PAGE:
I missed this yesterday, but MLBPA chief Michael Weiner said that there is “strong
sentiment” among the union that using the All-Star Game to determine home field advantage for the World
Series is a dumb idea. The players think that home field should be determined by regular-season record:
Weiner said Tuesday that he expected to have “healthy discussions” on
the topic as part of next year’s collective bargaining. He said the
players never embraced the concept of awarding home-field advantage in
the World Series to the the winning league in the All-Star game, but
they reluctantly agreed in order to satisfy FOX, which broadcasts the
Meanwhile, Bud Selig said yesterday in his little press conference that there was no reason to change the All-Star Game format. Of course, one doesn’t go far in this world contradicting your boss’ word, so Selig was probably wise not to say anything that wavered from FOX’s party line.
In a mailbag published on Thursday, Patrick Saunders of the Denver Post says he has spoken with Arenado and his agent from the Wasserman Media Group. Based on that, he says the Rockies have not broached the subject of a contract extension with the All-Star third baseman.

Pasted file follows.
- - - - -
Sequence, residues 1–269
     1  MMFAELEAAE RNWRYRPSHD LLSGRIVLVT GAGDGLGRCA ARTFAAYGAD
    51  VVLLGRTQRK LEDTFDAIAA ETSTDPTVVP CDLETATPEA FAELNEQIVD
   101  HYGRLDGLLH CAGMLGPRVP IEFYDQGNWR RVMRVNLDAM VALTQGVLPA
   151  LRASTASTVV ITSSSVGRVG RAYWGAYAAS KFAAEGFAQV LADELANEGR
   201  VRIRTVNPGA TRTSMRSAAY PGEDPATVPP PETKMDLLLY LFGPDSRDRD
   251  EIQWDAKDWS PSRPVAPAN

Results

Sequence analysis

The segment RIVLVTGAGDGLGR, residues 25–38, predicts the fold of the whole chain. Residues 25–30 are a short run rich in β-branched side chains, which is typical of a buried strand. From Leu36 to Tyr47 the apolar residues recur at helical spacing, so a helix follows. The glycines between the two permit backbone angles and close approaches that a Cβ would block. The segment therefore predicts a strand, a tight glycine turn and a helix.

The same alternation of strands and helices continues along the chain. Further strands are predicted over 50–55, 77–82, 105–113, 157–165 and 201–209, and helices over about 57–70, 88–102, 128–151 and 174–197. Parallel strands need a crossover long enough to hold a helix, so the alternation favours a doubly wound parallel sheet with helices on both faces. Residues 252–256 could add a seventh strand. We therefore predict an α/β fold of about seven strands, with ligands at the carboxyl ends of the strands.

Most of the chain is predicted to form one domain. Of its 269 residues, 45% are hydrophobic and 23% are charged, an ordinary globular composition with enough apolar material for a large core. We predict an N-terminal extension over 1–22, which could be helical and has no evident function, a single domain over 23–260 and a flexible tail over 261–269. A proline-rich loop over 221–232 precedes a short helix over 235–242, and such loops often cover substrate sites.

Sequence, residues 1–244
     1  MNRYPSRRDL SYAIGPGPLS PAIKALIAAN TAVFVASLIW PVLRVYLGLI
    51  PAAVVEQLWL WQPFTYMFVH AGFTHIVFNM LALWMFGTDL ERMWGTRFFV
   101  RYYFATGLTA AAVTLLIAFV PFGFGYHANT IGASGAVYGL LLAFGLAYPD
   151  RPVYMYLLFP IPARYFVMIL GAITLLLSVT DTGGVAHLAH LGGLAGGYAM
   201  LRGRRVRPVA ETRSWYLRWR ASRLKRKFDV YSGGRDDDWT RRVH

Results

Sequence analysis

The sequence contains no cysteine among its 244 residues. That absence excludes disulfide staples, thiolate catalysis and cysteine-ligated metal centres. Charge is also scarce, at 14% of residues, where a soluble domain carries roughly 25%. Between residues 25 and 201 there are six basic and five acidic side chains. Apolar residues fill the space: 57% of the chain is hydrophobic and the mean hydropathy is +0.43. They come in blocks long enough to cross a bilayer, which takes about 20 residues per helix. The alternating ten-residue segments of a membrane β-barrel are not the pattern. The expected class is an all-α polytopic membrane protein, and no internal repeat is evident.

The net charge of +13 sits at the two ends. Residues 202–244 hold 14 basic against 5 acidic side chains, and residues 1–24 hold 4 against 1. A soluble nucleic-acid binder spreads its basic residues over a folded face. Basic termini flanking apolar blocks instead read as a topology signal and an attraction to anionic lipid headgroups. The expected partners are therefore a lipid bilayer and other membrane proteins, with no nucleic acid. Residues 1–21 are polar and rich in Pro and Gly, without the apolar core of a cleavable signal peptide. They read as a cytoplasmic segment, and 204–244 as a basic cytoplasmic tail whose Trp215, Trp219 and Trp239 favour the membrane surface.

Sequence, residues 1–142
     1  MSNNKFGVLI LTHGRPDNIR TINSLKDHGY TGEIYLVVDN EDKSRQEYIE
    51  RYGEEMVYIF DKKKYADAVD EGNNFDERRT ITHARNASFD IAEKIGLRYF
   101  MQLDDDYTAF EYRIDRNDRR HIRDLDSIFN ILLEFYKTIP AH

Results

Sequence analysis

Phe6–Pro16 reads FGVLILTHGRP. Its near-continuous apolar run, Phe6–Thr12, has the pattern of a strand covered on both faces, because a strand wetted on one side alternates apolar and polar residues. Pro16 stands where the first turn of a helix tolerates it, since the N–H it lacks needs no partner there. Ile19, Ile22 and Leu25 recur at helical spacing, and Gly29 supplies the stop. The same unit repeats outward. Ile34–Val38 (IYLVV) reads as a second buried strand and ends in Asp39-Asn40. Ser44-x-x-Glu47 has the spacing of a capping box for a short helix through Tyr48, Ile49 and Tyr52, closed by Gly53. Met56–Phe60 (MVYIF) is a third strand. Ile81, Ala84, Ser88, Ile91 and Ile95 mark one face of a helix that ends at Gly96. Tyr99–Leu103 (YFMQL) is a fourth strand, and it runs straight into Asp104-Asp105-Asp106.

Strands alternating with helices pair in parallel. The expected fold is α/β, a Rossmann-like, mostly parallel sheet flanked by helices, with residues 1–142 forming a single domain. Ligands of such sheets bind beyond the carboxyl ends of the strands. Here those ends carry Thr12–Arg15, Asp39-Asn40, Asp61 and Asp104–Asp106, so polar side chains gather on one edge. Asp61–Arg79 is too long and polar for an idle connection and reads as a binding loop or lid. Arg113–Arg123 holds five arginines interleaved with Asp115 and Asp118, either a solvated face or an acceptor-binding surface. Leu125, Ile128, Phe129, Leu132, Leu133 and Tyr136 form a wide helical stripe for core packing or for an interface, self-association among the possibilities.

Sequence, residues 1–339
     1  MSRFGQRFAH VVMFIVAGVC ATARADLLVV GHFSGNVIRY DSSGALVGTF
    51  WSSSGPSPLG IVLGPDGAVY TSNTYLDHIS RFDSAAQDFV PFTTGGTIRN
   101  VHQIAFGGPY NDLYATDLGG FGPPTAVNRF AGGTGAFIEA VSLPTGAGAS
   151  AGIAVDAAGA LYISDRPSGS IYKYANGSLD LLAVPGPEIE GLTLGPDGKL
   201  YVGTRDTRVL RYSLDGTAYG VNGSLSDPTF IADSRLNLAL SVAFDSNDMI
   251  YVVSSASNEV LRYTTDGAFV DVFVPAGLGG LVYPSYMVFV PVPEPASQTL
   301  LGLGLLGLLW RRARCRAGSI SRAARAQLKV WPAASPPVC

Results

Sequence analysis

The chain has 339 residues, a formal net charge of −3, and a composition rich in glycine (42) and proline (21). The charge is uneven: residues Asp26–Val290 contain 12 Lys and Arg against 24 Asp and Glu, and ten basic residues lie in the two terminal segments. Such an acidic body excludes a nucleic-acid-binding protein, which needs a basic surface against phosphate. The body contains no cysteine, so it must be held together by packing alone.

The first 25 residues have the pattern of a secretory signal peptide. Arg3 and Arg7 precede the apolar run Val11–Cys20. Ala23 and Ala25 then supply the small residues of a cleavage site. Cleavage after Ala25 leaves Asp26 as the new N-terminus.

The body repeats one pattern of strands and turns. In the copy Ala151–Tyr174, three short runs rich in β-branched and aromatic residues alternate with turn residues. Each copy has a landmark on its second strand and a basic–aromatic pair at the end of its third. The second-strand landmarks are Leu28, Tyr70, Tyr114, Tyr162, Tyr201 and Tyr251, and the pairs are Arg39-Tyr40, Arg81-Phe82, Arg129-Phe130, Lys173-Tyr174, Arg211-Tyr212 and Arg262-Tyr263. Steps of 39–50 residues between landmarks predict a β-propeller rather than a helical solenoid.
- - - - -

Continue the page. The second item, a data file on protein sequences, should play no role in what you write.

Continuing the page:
Arenado will enter his second of four years of arbitration eligibility after earning $5 million for the 2016 season. He’s due to a hefty pay raise and will continue on that track into free agency after the 2019 season. It may behoove the Rockies to get extension talks started sooner rather than later. Saunders, however, thinks that Arenado wants to see if the Rockies become contenders in the next two seasons before signing the dotted line.
Arenado, 25, enters Thursday’s action batting .293/.361/.567 with 40 home runs, 130 RBI, and 112 runs scored in 678 plate appearances. His 40 homers is best in the National League and the 130 RBI are best in the majors. He has an argument for winning the National League Most Valauble Player Award.
Agent Scott Boras eulogized client Jose Fernandez at his funeral on Thursday. Boras couldn’t even get through the first sentence without breaking down in tears. It was difficult to watch without wanting to sob myself, but it was a touching eulogy that spoke for a lot of people who were fond of Fernandez.